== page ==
One example of a possible future system is under test by BAE Systems Land Systems Hagglunds in Sweden, with a modular armoured system known as SEP. This has an electric transmission system, six wheels driven by electric motors, and two engines providing the power. It can be run silently off batteries, which are charged by the engines. The SEP is designed on a modular basis, which allows it to be reconfigured for 24 different roles, including anti-tank missile system, mine clearer and NBC decontamination centre. SEP is not currently deployed by any armed forces: Sweden cancelled its SEP programme in 2008 because it could not find international collaborative partners.
Awad believes that diesel engines are likely to provide the power source for some time yet. ’We haven’t reached the limit of what can be done in the mechanical diesel arena, but there will be a limit. Beyond that, we might look at nuclear power generators, which are currently too big, but we’ve always been good at making things smaller. In the far future, we might design a reactor for 10 years’ service, which is the operational life of the platform; it would never need refuelling or maintenance, and it would be sealed with an exotic material that would provide shielding.’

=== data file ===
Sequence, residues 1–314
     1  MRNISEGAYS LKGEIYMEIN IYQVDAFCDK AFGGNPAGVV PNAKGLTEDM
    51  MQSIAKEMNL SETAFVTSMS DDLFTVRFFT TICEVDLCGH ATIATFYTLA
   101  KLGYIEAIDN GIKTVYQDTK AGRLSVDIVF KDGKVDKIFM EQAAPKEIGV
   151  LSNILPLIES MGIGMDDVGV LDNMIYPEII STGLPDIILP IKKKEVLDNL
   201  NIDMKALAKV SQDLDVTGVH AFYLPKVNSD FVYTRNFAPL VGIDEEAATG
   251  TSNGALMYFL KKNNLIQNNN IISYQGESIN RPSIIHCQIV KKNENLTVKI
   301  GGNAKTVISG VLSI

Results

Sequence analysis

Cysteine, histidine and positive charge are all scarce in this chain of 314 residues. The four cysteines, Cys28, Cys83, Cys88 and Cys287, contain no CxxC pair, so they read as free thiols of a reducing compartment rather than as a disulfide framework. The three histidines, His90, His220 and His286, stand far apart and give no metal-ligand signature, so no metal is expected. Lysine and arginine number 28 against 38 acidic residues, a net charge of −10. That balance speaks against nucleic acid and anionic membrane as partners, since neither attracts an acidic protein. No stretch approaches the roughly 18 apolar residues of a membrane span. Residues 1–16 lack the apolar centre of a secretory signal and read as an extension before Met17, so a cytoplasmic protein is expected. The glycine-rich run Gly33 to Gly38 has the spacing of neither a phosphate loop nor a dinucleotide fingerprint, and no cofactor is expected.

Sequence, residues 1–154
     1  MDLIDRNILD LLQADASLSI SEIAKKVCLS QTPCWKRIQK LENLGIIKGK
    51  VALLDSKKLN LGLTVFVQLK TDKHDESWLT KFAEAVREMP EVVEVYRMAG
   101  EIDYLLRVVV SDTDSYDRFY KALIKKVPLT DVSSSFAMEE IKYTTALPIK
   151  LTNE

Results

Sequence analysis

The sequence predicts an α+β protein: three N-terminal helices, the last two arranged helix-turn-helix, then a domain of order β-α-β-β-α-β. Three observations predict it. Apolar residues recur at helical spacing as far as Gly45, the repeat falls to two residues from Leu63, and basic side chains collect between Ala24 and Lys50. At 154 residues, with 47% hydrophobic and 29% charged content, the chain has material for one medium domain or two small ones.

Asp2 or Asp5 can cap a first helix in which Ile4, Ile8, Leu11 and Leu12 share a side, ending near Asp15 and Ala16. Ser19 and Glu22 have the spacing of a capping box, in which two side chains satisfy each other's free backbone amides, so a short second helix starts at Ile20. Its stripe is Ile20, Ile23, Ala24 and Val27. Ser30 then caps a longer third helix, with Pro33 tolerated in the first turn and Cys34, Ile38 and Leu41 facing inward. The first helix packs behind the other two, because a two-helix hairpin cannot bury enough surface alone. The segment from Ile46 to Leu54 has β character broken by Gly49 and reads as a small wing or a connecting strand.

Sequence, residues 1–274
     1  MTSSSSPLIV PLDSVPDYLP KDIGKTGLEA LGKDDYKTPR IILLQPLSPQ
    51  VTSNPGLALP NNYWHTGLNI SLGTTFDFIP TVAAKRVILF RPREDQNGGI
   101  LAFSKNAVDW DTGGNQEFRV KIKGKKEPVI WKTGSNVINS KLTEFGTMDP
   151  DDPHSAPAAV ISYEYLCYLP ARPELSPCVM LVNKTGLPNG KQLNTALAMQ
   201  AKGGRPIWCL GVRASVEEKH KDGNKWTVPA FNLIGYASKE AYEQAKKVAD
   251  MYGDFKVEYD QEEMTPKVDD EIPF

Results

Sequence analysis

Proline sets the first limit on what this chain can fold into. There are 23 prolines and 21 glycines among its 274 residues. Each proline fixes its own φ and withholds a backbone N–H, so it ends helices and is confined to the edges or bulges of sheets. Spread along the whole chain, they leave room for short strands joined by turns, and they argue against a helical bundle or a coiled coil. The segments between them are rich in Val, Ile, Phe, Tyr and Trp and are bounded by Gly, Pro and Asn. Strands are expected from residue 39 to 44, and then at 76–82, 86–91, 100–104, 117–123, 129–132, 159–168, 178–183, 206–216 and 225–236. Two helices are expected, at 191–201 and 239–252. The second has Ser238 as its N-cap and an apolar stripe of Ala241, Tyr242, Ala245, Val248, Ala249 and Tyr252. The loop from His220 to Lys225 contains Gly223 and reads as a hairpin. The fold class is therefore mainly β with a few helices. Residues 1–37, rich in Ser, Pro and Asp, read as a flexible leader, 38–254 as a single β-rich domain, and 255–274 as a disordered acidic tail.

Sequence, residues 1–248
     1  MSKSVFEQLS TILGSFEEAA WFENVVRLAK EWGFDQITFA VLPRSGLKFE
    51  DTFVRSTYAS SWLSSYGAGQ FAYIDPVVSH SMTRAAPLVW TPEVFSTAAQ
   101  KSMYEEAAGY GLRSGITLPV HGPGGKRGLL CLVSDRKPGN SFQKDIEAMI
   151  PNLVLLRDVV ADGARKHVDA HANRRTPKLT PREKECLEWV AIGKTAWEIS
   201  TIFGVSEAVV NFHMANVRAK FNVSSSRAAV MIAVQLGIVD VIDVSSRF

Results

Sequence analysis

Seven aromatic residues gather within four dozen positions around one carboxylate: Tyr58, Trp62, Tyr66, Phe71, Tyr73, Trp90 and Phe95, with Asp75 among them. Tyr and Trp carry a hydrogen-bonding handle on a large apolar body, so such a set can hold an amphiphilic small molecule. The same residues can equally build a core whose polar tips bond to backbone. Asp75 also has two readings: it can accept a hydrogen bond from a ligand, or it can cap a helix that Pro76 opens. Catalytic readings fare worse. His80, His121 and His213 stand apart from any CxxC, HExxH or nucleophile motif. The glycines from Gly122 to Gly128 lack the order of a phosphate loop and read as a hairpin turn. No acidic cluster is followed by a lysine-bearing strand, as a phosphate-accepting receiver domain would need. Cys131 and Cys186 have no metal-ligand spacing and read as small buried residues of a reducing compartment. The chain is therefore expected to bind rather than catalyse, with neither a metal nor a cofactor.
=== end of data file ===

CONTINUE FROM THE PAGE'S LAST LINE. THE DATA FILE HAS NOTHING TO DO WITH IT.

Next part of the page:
So, if we look far enough into the future, could we see walking, nuclear-powered tanks with synthetic sapphire windows, running plug-in software with modular weapons packs? ’Really, the only limit is our imaginations: whatever technology best fits the mission profiles,’ Awad said. Whether you would find a soldier willing to crew one might be another matter.
Suit of armour
The next generation of British Army tanks will be manufactured predominantly in the UK
The FRES generation
The next generation of tanks to enter service in the British Army are in the FRES (Future Rapid Effect System) group, and after a contentious and acrimonious bidding process, they will be built by General Dynamics.